Save Our Teen Drivers

Advocating for driver's education changes. Educating the public on the problem. Finding a solution that saves lives.

Car crashes: the next global pandemic

Posted by lapearce on November 20, 2009

Ethiopians are 134 times more likely to be killed in a car crash than Englishmen. Even though the country has only 1.5 cars per 1,000 people there is a fatal crash for every 60 cars on the road, compared to one for every 8,000 cars in the Western world. If everyone in Ethiopia had a car, and the life expectancy was 60 years, everyone would be death before they were 60.

That’s a scary thought.

Ethiopia is part of a growing trend of auto fatalities as more and more developing nations are becoming affluent enough to afford cars, but not affluent enough to have good roads, laws, education or well-maintained vehicles. The result is a massacre. Africa’s share of automobile fatalities is three times higher than its share of automobiles, a trend similar across most of the developing world. If nothing is done about the problem, car crashes will be a top three killer worldwide in a decade.

Someone is stepping up to do something about it. The UN’s Road Safety Collaboration is holding its first global conference on traffic safety today and tomorrow. The conference’s goals are:

  • Draw attention to the need for action to address the large and growing global impact of road traffic crashes, in particular in low and middle income countries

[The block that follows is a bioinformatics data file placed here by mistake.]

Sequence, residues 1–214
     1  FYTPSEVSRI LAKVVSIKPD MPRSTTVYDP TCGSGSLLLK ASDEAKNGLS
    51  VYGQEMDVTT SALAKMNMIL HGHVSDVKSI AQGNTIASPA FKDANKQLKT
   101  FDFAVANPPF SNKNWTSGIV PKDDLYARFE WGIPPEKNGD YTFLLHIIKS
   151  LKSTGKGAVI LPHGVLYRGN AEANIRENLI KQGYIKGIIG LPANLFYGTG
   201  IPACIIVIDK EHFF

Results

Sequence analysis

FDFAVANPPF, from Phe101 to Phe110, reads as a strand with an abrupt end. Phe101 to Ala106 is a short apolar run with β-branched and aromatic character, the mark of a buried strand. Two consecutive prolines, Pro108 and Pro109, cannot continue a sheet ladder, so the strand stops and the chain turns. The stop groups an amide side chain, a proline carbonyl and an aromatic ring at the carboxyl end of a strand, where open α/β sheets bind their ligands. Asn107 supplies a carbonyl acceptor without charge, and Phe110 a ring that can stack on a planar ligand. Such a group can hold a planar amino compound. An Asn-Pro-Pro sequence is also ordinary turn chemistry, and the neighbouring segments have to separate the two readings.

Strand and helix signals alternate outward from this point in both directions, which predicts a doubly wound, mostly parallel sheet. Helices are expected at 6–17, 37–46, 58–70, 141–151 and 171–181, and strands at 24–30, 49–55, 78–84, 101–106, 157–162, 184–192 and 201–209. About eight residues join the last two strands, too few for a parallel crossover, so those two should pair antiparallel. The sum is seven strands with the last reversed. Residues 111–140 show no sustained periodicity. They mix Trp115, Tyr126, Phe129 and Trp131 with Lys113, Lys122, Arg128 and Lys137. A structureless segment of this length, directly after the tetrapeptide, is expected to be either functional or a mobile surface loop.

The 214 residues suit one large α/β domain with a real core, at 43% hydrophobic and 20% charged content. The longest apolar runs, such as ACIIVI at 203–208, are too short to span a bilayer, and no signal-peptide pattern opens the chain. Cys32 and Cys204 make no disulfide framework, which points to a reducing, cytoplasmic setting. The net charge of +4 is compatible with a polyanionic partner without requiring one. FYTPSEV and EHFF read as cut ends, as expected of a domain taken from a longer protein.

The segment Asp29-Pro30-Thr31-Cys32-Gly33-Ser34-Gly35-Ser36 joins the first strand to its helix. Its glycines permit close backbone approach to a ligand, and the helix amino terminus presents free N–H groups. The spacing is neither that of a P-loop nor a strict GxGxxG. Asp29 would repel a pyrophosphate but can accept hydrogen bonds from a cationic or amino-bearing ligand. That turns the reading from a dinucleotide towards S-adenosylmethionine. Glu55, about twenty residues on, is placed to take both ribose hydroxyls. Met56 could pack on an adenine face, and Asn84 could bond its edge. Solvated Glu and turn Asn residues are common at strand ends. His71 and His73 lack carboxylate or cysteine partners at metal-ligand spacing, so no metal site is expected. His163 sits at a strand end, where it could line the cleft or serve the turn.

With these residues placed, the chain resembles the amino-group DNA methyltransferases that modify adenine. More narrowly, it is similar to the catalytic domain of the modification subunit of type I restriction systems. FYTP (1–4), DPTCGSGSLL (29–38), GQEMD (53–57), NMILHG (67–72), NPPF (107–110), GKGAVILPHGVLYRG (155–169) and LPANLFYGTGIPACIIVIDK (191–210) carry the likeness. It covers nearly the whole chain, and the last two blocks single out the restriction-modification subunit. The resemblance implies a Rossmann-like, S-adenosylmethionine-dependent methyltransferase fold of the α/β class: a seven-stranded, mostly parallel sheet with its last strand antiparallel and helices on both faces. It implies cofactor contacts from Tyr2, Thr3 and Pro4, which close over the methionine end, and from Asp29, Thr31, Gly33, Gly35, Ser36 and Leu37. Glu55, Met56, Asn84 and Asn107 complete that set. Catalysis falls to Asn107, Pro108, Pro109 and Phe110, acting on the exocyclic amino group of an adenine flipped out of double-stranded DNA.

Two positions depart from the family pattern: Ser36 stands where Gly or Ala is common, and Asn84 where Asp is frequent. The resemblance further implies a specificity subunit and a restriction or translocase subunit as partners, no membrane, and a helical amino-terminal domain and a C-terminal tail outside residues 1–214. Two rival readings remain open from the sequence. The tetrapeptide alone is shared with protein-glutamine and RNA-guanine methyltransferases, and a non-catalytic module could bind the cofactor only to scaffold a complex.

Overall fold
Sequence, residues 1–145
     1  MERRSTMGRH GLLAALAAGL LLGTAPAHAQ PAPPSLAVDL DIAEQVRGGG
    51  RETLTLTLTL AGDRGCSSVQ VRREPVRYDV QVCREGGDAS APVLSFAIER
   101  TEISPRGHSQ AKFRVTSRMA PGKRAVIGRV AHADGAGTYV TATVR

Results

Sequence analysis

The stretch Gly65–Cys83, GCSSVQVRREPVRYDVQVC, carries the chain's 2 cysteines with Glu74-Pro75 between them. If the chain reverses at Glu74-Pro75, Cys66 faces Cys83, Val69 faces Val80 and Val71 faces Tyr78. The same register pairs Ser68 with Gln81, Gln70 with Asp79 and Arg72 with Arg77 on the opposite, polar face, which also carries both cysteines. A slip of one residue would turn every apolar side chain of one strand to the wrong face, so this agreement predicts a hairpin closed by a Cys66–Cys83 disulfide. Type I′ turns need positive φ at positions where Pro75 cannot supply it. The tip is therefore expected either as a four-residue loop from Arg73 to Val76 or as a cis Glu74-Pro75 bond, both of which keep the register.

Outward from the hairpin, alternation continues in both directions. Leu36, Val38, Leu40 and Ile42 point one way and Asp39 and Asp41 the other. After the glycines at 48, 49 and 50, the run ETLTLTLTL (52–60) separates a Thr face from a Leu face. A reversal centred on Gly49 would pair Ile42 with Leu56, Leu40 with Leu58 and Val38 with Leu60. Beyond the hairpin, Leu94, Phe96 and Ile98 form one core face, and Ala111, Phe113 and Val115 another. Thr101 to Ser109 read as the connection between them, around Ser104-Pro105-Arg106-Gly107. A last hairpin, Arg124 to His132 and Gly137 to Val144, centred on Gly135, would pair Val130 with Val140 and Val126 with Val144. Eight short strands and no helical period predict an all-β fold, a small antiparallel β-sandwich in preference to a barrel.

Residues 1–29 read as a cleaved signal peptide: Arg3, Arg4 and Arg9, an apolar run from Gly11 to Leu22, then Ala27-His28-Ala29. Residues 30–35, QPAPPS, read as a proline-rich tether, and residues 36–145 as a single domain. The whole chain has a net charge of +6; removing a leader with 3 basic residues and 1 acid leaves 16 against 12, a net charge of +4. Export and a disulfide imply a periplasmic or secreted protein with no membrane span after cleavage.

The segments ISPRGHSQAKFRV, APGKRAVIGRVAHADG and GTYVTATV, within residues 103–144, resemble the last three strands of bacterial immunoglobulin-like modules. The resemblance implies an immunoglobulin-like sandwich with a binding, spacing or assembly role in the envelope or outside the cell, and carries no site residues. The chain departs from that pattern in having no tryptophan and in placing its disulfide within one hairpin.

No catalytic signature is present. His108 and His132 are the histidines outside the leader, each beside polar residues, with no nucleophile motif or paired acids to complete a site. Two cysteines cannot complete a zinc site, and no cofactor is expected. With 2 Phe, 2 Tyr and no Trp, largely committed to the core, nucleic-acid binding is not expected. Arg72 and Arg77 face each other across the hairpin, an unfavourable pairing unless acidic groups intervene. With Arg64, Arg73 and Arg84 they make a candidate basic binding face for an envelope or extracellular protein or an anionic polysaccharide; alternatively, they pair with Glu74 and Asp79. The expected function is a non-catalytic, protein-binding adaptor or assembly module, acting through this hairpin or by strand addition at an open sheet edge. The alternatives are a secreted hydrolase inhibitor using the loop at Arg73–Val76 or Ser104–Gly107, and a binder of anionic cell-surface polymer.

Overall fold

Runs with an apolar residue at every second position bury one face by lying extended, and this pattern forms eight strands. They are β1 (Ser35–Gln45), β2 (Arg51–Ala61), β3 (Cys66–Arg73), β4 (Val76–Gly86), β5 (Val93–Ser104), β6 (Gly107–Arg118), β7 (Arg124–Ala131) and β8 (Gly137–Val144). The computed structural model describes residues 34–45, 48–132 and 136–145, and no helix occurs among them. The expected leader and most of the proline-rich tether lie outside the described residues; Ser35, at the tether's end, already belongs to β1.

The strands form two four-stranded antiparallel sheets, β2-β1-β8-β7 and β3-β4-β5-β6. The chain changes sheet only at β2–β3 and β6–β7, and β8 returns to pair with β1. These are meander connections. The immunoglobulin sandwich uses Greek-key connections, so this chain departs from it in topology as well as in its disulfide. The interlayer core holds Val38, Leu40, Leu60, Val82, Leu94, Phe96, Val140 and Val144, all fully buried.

• Review progress on implementation of the World report on road traffic injury prevention and the UN General Assembly resolutions
  • Provide a high-level global multisectoral policy platform to share information and good practices on road safety
  • Propose a number of actions for the future, including a discussion of the resources needed to fulfill these actions

PRI’s The World did a segment today on the conference and the epidemic of fatal car crashes the developing world. It really is tragic. Doctors are constantly trying to save lives in very avoidable crashes. These crashes wouldn’t happen with better roads, more driver’s education and better enforcement of laws. Many crashes happen at the hands of drunk drivers in the developing world as well.

This is a problem that needs to be addressed now. It will only get worse as more people can afford cars in the developing world.

Here is an example of what driving is like in a place without driver’s ed or enforced laws:

For more information please check out My E-shoe Box’s blog post on the problem: http://abesheet.wordpress.com/2008/11/03/an-ethiopian-hollocaust/

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